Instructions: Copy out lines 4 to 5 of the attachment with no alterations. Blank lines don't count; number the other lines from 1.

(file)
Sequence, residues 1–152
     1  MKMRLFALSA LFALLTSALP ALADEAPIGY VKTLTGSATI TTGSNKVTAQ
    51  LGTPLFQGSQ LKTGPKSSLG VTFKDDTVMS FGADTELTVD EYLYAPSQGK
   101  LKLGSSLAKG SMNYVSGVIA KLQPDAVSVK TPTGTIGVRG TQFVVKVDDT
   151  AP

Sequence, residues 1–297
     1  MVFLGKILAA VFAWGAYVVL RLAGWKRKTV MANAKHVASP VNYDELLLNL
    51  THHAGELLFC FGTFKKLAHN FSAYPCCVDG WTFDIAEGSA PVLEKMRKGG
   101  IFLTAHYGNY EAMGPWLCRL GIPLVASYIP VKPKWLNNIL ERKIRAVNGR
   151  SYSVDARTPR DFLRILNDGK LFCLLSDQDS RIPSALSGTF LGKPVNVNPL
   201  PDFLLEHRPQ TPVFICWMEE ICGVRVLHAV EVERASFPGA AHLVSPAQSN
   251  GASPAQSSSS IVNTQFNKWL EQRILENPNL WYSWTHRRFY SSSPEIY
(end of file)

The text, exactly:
   101  LKLGSSLAKG SMNYVSGVIA KLQPDAVSVK TPTGTIGVRG TQFVVKVDDT
   151  AP